By Brittany Spencer and Samantha Relich
As his official installation as president of Ryerson University approaches, the Ryersonian sat down with Mohamed Lachemi to discuss his vision for the university at the outset of his five-year term.
Q: You’ve witnessed and created a lot of change during your 18 years at Ryerson — what are you are most proud of?
I always describe myself as a builder and maybe that’s because of my background — I am a civil engineer. When we talk about building, one aspect that is very important is having a vision for the institution. I had the pleasure of working with the rest of the community developing the academic plan, “Our Time to Lead,” and the title reflects what we want to do exactly. When I meet with colleagues at other schools they always tell me that Ryerson has a very bold academic plan.
I am very proud of the work that I did as dean of the Faculty of Engineering and Architectural Science (and) the partnership that we put in place with St. Michael’s Hospital. I’m very proud to see the work that is done by iBEST and the Biomedical Zone as really a reflection of that type of strategic partnership. The simple answer to your question: I’m a builder and I like to build things. Not necessarily the way that I do it as an engineer but thinking about what is good for our university.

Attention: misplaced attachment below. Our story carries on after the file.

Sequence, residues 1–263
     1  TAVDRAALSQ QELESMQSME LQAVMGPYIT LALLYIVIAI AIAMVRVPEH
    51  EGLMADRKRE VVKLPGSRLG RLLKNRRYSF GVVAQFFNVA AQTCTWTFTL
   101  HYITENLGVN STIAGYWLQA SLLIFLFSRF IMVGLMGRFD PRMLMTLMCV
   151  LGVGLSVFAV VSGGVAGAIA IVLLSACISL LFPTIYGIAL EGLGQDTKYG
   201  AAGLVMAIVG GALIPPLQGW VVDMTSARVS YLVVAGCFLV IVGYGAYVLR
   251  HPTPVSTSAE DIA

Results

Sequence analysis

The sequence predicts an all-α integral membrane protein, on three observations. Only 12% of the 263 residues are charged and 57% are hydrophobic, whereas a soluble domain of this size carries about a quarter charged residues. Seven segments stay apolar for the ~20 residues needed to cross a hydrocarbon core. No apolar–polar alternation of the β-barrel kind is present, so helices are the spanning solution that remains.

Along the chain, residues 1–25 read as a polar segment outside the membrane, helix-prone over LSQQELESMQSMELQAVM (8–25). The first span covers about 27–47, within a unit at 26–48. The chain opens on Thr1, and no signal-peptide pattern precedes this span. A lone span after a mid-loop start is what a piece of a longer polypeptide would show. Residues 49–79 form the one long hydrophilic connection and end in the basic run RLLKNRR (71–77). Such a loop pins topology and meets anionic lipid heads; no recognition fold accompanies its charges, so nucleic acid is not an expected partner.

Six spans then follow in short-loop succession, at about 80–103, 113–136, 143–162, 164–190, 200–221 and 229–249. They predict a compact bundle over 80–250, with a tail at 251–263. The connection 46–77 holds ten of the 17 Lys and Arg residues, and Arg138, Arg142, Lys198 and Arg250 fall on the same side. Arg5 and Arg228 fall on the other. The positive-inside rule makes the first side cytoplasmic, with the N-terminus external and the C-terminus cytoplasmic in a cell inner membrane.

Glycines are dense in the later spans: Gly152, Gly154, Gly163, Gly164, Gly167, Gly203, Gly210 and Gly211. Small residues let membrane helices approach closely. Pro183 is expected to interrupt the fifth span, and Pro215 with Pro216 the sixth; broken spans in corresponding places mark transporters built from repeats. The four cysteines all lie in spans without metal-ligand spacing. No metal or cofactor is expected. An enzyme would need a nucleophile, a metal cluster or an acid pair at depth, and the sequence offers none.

Q: Ryerson’s downtown location makes space challenging. As the student body continues to grow, do you have plans to help the campus grow with it?
Space is always a challenge. We have been very successful in growing the university, but we know that our footprint in downtown Toronto is very limited. However, we have been very successful in securing additional space and we have been very creative in building partnerships that give us the opportunity to expand our space for student use. The example I always give is the Ted Rogers School of Management — that’s a huge difference from the old Victoria Building.